I figure that in their (approximately) 8-year existence as a band, the guys must have a good drunken story. When I ask, the collective response seemed to be, “One?!”

Jason then offers up a story.

“This was a good number of years ago now, I think maybe it might have been Richard’s 19th birthday or his 20th, so this was 4 or 5 years ago now. And it was on his birthday we played in Belleville, Ontario at this place called The Bohemian. They had about 4 choices of liquor and beer in the whole place. It was kind of this little hole in the wall place – great scene, great show. But you could get Bohemia, this kind of shitty beer they had on tap and for whatever reason, and they had shots of Sambuca. And so all night we were just doing shots of Sambuca and drinking this Bohemia beer. Since it was Richard’s birthday, we like, “Okay, awesome, let’s go to town. Let’s all get wasted.” Our buddy Paul Taylor was doing merch for us that tour. We were driving home to Guelph that night, which is about a 4 or 5 hour drive and he volunteered to be the one to drive home. We all just got plastered.”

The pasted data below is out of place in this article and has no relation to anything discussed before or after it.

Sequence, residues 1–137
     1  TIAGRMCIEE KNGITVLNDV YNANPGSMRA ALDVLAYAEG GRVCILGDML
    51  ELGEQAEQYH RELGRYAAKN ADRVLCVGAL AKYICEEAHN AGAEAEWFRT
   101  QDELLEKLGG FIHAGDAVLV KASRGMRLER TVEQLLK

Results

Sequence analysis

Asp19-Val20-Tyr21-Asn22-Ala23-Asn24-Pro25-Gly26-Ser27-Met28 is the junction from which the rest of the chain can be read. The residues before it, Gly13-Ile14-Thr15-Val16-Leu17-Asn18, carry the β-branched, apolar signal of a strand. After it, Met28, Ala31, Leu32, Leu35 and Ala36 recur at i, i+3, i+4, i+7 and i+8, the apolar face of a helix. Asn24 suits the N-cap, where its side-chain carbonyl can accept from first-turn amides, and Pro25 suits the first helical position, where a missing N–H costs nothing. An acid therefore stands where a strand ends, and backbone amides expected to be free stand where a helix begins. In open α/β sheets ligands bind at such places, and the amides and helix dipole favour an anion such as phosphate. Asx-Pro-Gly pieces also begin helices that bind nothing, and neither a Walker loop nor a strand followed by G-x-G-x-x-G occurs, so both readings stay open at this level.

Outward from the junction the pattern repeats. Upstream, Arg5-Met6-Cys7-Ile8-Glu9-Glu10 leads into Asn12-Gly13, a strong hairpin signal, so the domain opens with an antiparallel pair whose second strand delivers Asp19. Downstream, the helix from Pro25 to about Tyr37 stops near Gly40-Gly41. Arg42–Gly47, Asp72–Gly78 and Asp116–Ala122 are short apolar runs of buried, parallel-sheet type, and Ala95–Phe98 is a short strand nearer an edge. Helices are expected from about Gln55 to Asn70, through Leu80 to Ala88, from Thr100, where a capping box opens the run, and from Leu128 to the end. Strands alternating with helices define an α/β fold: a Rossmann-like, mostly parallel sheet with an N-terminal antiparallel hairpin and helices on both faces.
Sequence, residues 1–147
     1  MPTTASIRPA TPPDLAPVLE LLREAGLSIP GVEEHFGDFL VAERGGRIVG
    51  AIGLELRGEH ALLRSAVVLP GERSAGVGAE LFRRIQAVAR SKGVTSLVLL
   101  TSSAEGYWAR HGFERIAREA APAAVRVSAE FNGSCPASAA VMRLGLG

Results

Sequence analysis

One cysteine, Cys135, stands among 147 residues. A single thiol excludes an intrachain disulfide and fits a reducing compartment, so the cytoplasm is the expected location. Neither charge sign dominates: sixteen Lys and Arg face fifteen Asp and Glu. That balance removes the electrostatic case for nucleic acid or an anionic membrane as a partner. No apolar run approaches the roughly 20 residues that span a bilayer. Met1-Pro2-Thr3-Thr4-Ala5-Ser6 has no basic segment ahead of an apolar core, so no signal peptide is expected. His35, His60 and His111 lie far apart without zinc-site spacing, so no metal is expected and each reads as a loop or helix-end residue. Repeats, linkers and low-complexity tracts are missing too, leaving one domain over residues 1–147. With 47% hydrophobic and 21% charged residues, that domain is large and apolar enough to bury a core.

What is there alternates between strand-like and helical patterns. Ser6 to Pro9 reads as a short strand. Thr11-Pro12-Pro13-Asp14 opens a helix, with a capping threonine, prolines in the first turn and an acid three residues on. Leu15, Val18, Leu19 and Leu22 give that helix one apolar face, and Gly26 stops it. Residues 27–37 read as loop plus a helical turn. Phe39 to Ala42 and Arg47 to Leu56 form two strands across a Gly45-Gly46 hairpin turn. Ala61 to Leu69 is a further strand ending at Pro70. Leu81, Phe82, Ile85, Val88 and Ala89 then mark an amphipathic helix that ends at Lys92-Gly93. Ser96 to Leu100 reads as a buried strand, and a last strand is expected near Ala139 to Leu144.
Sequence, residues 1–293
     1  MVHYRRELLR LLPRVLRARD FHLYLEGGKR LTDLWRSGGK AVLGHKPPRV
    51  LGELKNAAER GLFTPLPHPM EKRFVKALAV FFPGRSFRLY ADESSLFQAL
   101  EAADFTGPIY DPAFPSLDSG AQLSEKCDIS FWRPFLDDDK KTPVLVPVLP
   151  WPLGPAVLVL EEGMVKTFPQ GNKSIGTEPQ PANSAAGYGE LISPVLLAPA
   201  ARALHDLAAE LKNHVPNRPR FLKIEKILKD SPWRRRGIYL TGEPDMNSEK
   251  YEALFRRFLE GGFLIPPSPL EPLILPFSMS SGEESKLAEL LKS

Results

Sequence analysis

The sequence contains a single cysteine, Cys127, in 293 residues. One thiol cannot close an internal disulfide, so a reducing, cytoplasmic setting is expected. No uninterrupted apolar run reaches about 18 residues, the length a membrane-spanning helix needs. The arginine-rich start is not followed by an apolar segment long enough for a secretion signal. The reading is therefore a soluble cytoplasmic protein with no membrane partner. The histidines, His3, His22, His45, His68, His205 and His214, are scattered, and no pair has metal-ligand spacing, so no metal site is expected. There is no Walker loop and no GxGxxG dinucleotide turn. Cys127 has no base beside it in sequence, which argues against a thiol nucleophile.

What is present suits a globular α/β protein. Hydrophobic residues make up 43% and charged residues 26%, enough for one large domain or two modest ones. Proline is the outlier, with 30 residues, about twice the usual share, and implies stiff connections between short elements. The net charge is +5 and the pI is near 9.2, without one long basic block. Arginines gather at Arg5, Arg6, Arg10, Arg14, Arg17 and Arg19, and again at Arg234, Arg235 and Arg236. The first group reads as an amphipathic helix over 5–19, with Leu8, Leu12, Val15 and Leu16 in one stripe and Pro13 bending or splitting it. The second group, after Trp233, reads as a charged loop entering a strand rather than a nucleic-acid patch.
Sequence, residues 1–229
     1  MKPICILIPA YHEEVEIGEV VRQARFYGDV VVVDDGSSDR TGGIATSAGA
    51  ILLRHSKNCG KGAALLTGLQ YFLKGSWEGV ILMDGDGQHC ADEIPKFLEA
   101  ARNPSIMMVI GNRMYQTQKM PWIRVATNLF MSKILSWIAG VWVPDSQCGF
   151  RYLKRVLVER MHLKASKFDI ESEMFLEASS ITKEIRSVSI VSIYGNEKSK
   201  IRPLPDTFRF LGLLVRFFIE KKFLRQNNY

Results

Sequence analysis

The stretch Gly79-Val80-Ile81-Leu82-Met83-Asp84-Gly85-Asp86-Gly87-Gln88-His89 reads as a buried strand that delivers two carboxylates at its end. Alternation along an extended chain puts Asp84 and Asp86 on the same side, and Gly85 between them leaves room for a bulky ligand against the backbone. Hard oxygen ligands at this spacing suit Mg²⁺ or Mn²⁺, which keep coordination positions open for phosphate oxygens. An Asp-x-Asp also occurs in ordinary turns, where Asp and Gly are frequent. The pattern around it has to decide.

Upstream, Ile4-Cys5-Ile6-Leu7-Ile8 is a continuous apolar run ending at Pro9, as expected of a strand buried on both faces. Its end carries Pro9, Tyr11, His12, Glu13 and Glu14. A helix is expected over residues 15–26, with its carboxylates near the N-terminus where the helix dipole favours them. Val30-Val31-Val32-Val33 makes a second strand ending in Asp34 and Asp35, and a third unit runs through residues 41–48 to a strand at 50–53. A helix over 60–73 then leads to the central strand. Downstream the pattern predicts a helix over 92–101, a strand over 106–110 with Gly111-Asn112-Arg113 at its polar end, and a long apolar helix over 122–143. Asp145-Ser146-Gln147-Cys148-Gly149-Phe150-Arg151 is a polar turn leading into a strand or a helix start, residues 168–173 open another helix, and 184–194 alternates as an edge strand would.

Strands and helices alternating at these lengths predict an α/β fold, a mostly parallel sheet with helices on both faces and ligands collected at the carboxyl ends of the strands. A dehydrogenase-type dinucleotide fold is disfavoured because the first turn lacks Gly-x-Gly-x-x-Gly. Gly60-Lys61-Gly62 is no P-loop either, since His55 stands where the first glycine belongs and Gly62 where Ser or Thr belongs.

Jay interrupts in order to provide an example of just how drunk they were. “Someone smashed the top of my beer off and I continued to drink it with a shattered top.”

Jason continues, “On the way home, we were maybe 20 minutes up the highway out of Belleville and I felt the need to vomit. This is also when we were still driving a minivan, so we had 8 people in a minivan, so I was the one who got the short straw and was sitting on the floor on the way home. So from the floor, I looked up at Paul and said, ‘Paul, I have to throw up. Can we pull over?’ And he turned around and he asked, ‘Is this an emergency?’ And me, not wanting to disturb the driver who had so graciously decided not to drink all night, kind of thought about it and said, “No, no, I can wait until we pull over.’”

Mike then interrupts, “Wait, can we stop for a sec? You’re nice to other people that drive when you guys are drunk? What is this?!”

Jason dismisses him. “You’re in the band, you don’t matter.”

Jason continues again. “So anyway, I said, ‘No, no, I can wait until the next gas station.’ And then about 20 seconds later I said, ‘No, it’s an emergency!’ and just puked all over the van floor. We pulled over. We stopped and got some garbage bags to puke in and water for everyone. We get on the road again and Zac, who was passed out in back seat, proceeded to, in his sleep, vomit.”